While the tribal governments impacted by McGirt have claimed they can handle their newfound law-enforcement obligations, in some settings they have indicated that is currently not the case.

At a July 2021 meeting of the Inter-Tribal Council of the Five Civilized Tribes, which includes the Muscogee (Creek) Nation as a member, tribal leaders passed a resolution stating that $80 million requested by President Biden for law enforcement activities related to McGirt is only a “first step” and that the increases endorsed by Biden “alone, are not sufficient.”

The resolution then called on Congress to “ensure that the vast majority of funds allocated for McGirt response flow directly to tribal governments, who are most acutely experiencing the effects and shouldering the cost burden of McGirt.”

More recently, in a letter sent by Oklahoma’s congressional delegation on behalf of tribal leaders, lawmakers bluntly warned that the McGirt decision “is effectively bankrupting the affected tribes in Oklahoma.”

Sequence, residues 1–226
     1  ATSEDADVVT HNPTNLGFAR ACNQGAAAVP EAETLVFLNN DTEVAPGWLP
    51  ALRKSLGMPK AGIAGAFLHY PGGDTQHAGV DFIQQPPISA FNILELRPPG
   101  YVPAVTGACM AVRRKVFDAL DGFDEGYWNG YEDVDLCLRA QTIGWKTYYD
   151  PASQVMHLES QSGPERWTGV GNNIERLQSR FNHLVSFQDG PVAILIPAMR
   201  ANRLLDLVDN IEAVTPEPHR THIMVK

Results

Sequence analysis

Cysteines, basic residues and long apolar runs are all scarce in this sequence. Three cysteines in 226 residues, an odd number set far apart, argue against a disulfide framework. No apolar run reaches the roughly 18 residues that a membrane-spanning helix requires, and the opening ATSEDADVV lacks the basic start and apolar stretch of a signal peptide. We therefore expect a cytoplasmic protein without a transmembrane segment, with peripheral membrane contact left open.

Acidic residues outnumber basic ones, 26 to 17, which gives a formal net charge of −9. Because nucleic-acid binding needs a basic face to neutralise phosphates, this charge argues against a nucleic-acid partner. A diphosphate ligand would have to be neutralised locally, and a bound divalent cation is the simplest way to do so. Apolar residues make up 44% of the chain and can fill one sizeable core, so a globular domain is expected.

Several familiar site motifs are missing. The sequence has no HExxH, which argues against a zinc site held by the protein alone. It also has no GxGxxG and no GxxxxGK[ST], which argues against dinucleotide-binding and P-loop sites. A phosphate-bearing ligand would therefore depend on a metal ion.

A request for comment was sent to the Muscogee (Creek) Nation. As of publication, no response had been provided.

Ray Carter Director, Center for Independent Journalism

Ray Carter

Director, Center for Independent Journalism

Ray Carter is the director of OCPA’s Center for Independent Journalism. He has two decades of experience in journalism and communications. He previously served as senior Capitol reporter for The Journal Record, media director for the Oklahoma House of Representatives, and chief editorial writer at The Oklahoman. As a reporter for The Journal Record, Carter received 12 Carl Rogan Awards in four years—including awards for investigative reporting, general news reporting, feature writing, spot news reporting, business reporting, and sports reporting. While at The Oklahoman, he was the recipient of several awards, including first place in the editorial writing category of the Associated Press/Oklahoma News Executives Carl Rogan Memorial News Excellence Competition for an editorial on the history of racism in the Oklahoma legislature.